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The carnage at Shiloh after two days of fighting changed all perceptions that the war would be short and the casualties few. “By the end of the battle, 23,000 men had been killed, wounded or missing. The whole nation was amazed. It was said that if you lined up each dead man shoulder to shoulder and then looked each one in the eye, the line would stretch six miles. It was, up to that point, the most tragic day in the nation’s history,” he said. He then played a mournful tune, “Shiloh Hill”, which was written in the days following the battle.

Each story Horton told was accompanied by an appropriate song. He noted that many songs told the story of men who were alone for their homes. One such song, written by a Confederate soldier, was “Do I miss them at home?” Horton then made this point: Before the Civil War, the only thing the federal government felt responsible for was mail delivery.

At the time, there was no door-to-door mail delivery and the names of the war dead were posted on the walls of post offices. “Many people came to post offices to read these appalling lists and when they saw that a local had been killed in action there were screams and groans and loud protests. decided to start home delivery,” he said.

Continuing this theme, Horton said historians have found a wealth of letters written by soldiers to their homes, wives and lovers, while there are far fewer letters written from home to soldiers. “Men read and re-read these letters and they were folded and unfolded so many times that most of them were not worth keeping. Also, many letters were lost if a soldier died on the battlefield,” he said.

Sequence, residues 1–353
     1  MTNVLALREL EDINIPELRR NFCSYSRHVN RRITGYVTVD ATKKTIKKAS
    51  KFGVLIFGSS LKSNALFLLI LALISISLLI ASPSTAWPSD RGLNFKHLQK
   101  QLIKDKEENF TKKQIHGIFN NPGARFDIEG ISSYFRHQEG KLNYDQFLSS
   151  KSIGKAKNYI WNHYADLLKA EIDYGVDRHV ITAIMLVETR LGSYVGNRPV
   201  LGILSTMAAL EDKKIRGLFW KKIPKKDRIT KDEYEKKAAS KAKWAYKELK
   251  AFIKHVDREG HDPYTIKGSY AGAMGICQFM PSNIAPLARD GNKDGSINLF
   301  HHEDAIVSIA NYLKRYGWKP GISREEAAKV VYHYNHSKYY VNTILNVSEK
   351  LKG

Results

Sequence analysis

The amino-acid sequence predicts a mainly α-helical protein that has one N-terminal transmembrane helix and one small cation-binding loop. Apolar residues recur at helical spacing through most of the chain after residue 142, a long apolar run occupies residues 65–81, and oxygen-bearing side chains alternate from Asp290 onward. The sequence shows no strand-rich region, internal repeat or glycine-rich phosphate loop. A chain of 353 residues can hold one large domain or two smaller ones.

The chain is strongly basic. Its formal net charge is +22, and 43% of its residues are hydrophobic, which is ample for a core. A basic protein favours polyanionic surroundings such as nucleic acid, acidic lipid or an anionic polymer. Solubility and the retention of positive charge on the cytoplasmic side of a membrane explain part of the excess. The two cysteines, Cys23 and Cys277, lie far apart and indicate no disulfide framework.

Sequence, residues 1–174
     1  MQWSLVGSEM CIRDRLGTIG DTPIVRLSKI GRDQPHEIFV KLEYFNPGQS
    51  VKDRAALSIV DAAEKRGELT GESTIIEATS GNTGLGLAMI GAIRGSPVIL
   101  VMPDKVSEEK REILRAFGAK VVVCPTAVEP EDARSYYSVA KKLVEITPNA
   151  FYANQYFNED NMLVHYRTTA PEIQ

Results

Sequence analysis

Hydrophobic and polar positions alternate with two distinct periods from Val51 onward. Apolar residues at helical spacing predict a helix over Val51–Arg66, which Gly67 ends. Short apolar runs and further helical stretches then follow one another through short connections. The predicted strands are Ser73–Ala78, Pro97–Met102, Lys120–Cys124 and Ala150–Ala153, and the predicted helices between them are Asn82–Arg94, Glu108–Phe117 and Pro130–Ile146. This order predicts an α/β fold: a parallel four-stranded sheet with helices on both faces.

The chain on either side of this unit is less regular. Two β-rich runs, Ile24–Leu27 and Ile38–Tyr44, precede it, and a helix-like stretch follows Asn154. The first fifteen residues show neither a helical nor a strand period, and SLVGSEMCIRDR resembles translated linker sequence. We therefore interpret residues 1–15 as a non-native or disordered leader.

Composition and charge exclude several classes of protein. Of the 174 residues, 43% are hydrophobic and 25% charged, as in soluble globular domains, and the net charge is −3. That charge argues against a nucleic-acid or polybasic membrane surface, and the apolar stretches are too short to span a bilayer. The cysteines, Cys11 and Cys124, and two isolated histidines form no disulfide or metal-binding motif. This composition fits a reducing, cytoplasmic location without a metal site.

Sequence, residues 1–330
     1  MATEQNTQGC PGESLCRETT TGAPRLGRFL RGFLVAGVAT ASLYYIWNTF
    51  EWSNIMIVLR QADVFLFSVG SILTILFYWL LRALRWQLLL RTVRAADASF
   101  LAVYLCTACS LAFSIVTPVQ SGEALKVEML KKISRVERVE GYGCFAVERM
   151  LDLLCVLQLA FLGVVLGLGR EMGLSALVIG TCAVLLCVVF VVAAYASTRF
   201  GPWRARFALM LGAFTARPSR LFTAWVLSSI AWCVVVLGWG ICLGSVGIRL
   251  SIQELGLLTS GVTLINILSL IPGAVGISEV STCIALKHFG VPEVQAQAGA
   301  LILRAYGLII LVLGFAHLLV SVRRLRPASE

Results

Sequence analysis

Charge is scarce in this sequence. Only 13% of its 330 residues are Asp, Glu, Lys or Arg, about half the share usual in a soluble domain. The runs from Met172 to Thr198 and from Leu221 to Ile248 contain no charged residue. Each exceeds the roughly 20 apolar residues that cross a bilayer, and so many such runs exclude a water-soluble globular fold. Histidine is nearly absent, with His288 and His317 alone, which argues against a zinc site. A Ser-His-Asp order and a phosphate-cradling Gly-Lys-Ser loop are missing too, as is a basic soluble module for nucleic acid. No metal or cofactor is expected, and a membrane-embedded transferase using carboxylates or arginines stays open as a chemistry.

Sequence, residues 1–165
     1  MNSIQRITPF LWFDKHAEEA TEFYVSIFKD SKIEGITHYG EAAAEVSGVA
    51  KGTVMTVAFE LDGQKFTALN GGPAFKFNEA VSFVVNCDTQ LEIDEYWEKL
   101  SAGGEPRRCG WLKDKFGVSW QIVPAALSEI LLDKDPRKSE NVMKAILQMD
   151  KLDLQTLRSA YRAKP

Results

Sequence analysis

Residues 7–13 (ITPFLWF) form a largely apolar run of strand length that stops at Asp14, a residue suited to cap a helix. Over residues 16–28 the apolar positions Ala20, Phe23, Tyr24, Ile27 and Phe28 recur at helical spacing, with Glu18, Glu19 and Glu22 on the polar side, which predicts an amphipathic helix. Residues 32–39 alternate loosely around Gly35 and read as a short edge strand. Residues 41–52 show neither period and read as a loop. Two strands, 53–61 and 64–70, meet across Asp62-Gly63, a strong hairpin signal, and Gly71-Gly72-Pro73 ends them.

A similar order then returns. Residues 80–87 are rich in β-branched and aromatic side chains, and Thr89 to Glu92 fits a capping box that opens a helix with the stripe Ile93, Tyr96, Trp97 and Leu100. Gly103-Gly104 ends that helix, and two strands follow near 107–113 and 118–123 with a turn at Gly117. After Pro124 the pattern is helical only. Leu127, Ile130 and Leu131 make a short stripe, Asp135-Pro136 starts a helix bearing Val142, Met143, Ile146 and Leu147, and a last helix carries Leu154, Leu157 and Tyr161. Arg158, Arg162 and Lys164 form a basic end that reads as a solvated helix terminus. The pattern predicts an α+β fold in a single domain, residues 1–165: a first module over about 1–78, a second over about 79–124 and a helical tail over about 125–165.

At the start of the war, most future soldiers enlisted in the army in their home town and began their training there in preparation for when they would be sent to fight with large armies. “When the day came when the men were going to war, the whole town would come out…there was a parade, the politicians were giving pompous speeches, the women were kissing the men goodbye and presenting them with flags. It was a big moment. But the men had to leave and face an uncertain future that too often ended on a bloody battlefield,” he said. He then played a song that matched the moment he had described, “Take You gun and Go, John”.

“The Civil War was different from other wars in many ways. The men who fought spoke the same language, they had been taught to believe in the same constitution, they worshiped the same God and, in many cases, followed the same religious denominations. There were times when senior officers weren’t supervising men crossing battle lines and talking to each other and complaining about why they had to fight,’ he said.

He then added: “There was a common denominator, all the men were missing home and they wanted the war to end so they could go home and get on with their lives.” He then delivered a moving rendition of the famous old standard, “Home Sweet Home.”

Horton used his vintage guitar, fiddle, banjo, and harmonica as accompaniment to the many songs that accompanied his Civil War narrative. He said in an interview that over the years he had accumulated many copies of songs written in the 19th century. He said the songs can be found in libraries, in historical collections, and book and music stores. He has made a career out of finding these songs and adapting them to the musical instruments he masters.